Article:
Free Travel by Hacking Your iPhone

Anthony Hariton, a computer science student in Greece, plans to give a lecture at a conference in May on how he managed to generate fake boarding passes with his iPhone. (HT to Slashdot)

On the surface it doesn’t seem too difficult. Not that I know how it works from a technical perspective, but I’ve already shown that some information on a boarding pass barcode can be decoded to estimate your success getting access to the TSA’s PreCheck line. It stands to reason that one could figure out other relevant information required to generate your own barcode entirely from scratch.

But that only gets you past security. At the gate, your boarding pass information is supposed to be reconciled with the flight manifest. Flight attendants will do this with paper copies if they have to, but normally they scan the boarding pass and a computer checks it automatically. This is why the machine will sometimes create an error message if it notices two customers have the same assigned seat or if an upgrade has been processed while the customer still has the old boarding pass.

Mr. Hariton seems to think he’s found a way around this reconciliation process and won’t share the details yet. But I found it interesting enough to share. Maybe someone who reads this blog knows more about it than I do.

And obviously, actually using a fake boarding pass is a really bad idea if you’re at all worried about getting in trouble with the airline and a host of government agencies. There’s a particular risk that you pick a seat assigned to someone else and you’ll get found out. But I’ve been on enough international flights with half-empty first and business class cabins that it would be fun to consider the possibility.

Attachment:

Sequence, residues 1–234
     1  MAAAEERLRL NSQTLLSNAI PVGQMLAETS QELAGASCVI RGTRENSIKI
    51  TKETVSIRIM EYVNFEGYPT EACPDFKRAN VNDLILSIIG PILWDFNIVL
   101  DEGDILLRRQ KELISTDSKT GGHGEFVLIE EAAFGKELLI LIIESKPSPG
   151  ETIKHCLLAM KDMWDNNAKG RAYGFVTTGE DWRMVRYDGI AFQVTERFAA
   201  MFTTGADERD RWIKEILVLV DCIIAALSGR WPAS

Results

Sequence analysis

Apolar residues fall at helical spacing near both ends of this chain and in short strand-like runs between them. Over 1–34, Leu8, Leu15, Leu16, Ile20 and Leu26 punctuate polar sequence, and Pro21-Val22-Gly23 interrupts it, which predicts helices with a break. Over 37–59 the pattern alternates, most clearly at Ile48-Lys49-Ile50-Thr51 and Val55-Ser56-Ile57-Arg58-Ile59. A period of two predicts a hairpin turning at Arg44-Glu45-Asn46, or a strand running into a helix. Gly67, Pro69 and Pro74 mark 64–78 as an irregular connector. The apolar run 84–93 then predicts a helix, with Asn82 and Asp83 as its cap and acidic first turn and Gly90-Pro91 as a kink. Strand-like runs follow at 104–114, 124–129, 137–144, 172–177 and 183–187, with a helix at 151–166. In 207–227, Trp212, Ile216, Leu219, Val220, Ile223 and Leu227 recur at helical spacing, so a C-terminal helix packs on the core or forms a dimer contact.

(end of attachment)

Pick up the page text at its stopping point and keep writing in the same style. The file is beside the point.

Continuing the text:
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Scott created Travel Codex after learning how to travel better on a budget during grad school. He now flies over 150,000 miles every year.
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  • Bandolrose

    This seems like a crazy idea and ripe for being utilized for terrorist purposes, what possible value could this post provide to the readers of this blog?

    • Scottrick

      Maybe others will find it an interesting story and will want to read more about it. I don’t expect everyone to benefit from everything I write.

      If you want to talk about value-less content, I could point you to an issue of TV Guide, but then there are others who probably find “Real Housewives” more interesting and applicable to their lives than I do.

      • jennifersoars

        I, for one, find it interesting as well! I think it has value insofar as it is an intellectually intriguing proposition, and that’s precisely why I prefer your voice to most others in the miles and points world, Scottrick.

        • Pete

          I agree with you, up until the last paragraph:
          “And obviously, actually using a fake boarding pass is a really bad idea if you’re at all worried about getting in trouble with the airline and a host of government agencies. There’s a particular risk that you pick a seat assigned to someone else and you’ll get found out. But I’ve been on enough international flights with half-empty first and business class cabins that it would be fun to consider the possibility.” Here it goes from intellectual curiosity to “fun to consider the possibility” of actually trying this. As someone pointed out, that would be stealing, and if the last paragraph had read: “actually using a fake boarding pass is illegal and is not a good idea by any stretch of the imagination” I think this would have been a reasonable post. Now, not so much.